Thus, it can be seen that the present invention provides a container that is of relatively simple construction, that may be conveniently and completely sealed initially, that may be readily opened without damage to the main portion thereof such as would render the container unsatisfactory for subsequent use, and that may thereafter be repeatedly closed and opened without loss of effectiveness of closure. More specifically, the invention provides such a container that is formed with a longitudinal flap, and the container may initially be heat scalable, i.e., scalable by the application of heat thereto. Effective reclosure may be facilitated and the cost of materials may be minimized in the container provided hereby.

Having thus described the invention, I claim:

1. A recloseable container comprising a generally tubular body having a recloseable end portion and a longitudinal flap extending along the length thereof, and a relatively thin, substantiall continuous strip of nonresilientl deformable maten extending about the inner periphery 0 said end portion andlsecured thereto at a location spaced from the end margin thereof, said container being formed of a length of sheet material with substantially parallel longitudinal edges, between and substantially perpendicular to which extends an elongated element of said material, said length of sheet material being bonded in face-to-face contact along said longitudinal edges to form said body and to provide said longitudinal flap with a portion of said elongated element thereon, said recloseable end portion being generally flattened with opposing surfaces between said end margin and said strip bonded together to close said container, said flap being secured to said body at least in an area about the edge of said elongated element portion adjacent to said end margin, at least said body being deformed by pleats extending through said secured area and generally parallel to said adjacent edge of said strip to pro vide a tear channel across said secured area, said deformable material being capable of maintaining a folded configuration to render said container recloseable by folding along said strip to interengage opposed portions thereof.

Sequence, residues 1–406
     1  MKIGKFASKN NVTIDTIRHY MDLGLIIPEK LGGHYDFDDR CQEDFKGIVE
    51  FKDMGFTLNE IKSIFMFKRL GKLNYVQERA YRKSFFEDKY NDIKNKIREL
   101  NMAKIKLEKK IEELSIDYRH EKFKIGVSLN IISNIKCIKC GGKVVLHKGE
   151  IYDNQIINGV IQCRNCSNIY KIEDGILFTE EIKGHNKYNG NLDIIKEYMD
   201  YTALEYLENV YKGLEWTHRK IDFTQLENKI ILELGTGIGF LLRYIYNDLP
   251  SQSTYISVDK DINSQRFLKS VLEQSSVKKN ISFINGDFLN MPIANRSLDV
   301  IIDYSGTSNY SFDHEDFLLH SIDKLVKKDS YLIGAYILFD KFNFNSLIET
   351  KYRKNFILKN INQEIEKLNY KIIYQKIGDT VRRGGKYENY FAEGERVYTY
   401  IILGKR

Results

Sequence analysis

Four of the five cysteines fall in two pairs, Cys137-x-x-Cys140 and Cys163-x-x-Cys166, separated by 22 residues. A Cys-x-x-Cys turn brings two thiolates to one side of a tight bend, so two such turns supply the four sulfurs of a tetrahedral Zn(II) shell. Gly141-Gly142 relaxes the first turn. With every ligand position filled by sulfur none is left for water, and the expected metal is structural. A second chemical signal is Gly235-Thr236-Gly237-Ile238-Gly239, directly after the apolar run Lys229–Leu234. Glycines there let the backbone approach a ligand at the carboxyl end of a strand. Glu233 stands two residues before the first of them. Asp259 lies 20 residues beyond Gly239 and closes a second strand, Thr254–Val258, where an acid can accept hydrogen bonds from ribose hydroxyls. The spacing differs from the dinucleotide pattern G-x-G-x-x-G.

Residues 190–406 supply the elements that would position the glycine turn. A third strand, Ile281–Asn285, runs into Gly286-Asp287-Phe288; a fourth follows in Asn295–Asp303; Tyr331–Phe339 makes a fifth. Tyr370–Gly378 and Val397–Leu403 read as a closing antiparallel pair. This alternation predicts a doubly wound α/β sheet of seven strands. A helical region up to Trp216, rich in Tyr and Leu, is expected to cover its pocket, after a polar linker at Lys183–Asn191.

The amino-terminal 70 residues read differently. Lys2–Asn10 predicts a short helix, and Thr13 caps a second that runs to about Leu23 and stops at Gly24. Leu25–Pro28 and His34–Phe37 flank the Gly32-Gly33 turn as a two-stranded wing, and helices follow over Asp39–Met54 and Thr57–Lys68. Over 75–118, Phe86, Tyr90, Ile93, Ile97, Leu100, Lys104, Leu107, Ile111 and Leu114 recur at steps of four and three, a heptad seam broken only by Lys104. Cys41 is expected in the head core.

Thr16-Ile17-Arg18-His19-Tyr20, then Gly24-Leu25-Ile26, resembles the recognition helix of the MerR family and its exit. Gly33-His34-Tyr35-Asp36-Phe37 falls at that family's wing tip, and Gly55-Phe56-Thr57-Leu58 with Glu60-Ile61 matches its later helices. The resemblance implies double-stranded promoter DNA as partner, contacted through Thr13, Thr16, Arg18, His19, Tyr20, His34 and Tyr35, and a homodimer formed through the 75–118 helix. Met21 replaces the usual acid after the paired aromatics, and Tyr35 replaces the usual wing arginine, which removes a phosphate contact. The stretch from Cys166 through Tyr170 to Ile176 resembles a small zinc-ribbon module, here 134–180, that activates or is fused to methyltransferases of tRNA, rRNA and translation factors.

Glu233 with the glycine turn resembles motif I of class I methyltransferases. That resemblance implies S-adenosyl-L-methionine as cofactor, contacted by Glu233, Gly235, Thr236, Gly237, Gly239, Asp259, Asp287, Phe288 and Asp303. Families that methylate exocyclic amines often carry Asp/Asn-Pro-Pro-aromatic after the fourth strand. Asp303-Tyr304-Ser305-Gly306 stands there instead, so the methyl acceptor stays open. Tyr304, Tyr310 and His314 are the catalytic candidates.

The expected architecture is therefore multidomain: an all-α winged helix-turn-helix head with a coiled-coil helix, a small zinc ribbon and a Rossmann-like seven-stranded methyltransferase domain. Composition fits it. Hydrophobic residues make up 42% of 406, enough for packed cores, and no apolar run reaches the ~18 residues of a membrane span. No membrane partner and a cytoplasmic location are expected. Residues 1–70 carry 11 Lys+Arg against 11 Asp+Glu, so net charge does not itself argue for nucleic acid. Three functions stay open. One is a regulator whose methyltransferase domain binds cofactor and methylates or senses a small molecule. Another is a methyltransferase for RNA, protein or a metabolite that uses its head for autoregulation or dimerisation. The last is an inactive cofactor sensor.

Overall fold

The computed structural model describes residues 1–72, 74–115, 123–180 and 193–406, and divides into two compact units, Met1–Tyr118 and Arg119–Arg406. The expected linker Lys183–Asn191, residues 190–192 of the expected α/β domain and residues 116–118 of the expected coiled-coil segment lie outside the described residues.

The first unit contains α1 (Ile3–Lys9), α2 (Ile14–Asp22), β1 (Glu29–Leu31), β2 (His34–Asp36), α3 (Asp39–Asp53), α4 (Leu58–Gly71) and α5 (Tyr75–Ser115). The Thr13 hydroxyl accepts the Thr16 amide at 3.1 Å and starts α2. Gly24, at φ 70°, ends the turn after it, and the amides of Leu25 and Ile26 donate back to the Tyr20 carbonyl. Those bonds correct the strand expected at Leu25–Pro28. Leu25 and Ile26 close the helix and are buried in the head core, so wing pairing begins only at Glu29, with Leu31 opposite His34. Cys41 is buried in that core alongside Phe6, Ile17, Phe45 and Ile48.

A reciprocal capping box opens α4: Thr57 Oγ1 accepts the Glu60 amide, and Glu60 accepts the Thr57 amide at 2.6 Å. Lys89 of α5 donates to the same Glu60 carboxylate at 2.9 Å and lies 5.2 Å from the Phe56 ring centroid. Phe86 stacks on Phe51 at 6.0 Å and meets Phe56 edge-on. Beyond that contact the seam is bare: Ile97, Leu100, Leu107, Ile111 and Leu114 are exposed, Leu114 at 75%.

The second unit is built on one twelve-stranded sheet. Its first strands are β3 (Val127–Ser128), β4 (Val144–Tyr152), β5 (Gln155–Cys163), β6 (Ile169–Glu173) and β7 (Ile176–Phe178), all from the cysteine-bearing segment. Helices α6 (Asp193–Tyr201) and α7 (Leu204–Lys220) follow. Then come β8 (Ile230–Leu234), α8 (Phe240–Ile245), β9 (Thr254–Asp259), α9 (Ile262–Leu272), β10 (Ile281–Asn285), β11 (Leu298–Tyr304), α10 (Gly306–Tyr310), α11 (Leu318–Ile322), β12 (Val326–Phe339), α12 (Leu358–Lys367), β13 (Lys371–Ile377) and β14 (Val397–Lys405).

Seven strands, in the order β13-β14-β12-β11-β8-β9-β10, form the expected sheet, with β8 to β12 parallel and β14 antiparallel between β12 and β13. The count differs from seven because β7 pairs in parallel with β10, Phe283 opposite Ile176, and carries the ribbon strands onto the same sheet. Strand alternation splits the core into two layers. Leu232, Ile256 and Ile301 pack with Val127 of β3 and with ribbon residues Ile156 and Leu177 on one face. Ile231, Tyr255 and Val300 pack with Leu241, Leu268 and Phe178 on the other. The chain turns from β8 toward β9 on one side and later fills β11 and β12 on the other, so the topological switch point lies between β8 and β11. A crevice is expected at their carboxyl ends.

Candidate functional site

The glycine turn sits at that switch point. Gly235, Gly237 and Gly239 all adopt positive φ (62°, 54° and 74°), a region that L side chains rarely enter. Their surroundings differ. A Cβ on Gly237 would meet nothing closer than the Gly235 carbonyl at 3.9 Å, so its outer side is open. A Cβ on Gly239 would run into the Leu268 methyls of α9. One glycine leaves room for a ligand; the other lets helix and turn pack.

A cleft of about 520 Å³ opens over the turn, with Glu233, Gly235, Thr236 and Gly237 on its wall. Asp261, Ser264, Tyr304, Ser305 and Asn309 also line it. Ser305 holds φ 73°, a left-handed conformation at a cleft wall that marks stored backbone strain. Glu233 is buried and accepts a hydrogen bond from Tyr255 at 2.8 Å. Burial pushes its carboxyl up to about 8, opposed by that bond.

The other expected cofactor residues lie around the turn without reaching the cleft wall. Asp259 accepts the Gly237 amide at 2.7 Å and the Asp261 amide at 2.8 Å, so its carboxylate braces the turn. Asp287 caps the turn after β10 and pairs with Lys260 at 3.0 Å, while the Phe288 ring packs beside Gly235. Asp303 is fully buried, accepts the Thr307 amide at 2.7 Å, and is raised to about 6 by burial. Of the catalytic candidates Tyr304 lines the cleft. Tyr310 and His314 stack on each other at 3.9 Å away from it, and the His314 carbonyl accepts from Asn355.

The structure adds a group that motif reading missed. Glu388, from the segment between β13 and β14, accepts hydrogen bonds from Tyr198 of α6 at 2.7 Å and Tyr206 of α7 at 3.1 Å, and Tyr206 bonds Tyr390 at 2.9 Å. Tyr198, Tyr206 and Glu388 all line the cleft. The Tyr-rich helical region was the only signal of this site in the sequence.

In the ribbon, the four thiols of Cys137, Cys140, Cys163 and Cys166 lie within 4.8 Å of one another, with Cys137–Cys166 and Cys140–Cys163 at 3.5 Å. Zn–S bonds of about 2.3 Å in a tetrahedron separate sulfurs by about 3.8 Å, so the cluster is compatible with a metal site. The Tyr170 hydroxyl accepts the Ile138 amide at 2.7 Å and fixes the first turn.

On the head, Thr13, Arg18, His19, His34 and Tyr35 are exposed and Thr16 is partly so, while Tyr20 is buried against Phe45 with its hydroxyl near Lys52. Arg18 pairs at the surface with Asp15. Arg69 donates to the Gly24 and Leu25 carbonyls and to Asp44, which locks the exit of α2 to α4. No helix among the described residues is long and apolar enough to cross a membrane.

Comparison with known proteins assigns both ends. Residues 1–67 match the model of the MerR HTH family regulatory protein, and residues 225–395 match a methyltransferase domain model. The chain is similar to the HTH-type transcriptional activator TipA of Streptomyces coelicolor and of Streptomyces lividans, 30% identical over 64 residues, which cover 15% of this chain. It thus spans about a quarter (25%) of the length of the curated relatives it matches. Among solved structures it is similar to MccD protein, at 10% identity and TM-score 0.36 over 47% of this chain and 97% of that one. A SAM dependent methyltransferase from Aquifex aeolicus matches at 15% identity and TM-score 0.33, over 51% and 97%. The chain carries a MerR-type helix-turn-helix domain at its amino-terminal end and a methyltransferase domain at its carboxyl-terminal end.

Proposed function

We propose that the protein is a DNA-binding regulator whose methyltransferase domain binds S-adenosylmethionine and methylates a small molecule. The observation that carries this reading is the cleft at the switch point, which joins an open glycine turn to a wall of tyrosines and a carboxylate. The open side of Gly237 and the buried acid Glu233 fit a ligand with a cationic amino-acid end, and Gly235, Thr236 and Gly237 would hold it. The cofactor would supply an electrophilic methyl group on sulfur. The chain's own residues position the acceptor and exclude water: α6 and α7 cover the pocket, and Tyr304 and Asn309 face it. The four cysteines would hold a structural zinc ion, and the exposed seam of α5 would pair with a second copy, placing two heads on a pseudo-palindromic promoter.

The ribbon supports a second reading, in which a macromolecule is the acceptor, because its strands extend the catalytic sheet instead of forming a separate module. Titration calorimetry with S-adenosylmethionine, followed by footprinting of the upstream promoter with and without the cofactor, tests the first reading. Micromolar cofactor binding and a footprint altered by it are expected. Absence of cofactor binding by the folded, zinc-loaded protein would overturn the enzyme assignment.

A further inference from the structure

2. The container of claim 1 wherein said in said strip.

3. The container of claim 1 wherein said body at said end portion is deformed by pleats extending generally longitudinally inwardly from said end margin to provide a tear channel for access to said parallel extending pleats.

4. The container of claim 1 wherein said sheet material has a scalable surface and wherein said tubular body is formed with said scalable surface inwardly thereof, said scalable surface providing said bonds along said longitudinal edges and between said opposing surfaces.

5. The container of claim 4 wherein said scalable surface is heat-sealable.

6. The container of claim 5 wherein said scalable surface is provided by a synthetic thermoplastic polymer.

7. The container of claim 6 wherein said sheet material is regenerated cellulose coated with said polymer.

8. The container of claim 1 wherein said deformable element comprises a wrought metal foil.

9. The container of claim 1 additionally including an article therewithin, the end of said tubular body spaced from said end portion being sealed to enclose said article within said container.

pleats are present

Referenced by
Citing PatentFiling datePublication dateApplicantTitle
US4549657 *Apr 2, 1982Oct 29, 1985Martin Andrew McgEasily opened and reclosable bag and apparatus for making same
US4584201 *Feb 17, 1984Apr 22, 1986Borden, Inc.Resealable package, method of making and use
US4603537 *Mar 25, 1985Aug 5, 1986Formost Packaging Machines, Inc.Method for making a bag with a bag mouth closure
US4670352 *Oct 6, 1986Jun 2, 1987Canada Cup, Inc.Tearable structure
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US6585413 *Oct 16, 2001Jul 1, 2003International Bioproducts IncorporatedSystem for a sterile collection bag
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US9315299 *Sep 24, 2014Apr 19, 2016Innoflex IncorporatedPackage having recloseable pour spout
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US20060246184 *Jul 5, 2004Nov 2, 2006Rietjens Peter W HPackage
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US20090190866 *Sep 3, 2007Jul 30, 2009Cadbury Holdings LimitedPackaging with lines of weakness
US20120141640 *Dec 2, 2010Jun 7, 2012Ron AndersonCombination bread baking and packaging apparatus
US20120243809 *Mar 23, 2011Sep 27, 2012The Hershey CompanyFlexible package with access control feature
US20150010252 *Sep 24, 2014Jan 8, 2015Innoflex IncorporatedPackage having recloseable pour spout
WO2005005256A2 *Jul 5, 2004Jan 20, 2005Cfs Weert B.V.Package
WO2005005256A3 *Jul 5, 2004Jul 7, 2005Cfs Weert BvPackage
WO2014023865A1 *Jul 18, 2013Feb 13, 2014Ramos Elisa PersMulti-use packaging and method for manufacturing said packaging
Classifications
U.S. Classification383/204, 383/905, 383/120, 383/89
International ClassificationB65D75/62, B65D33/30
Cooperative ClassificationB65D33/30, Y10S383/905
European ClassificationB65D33/30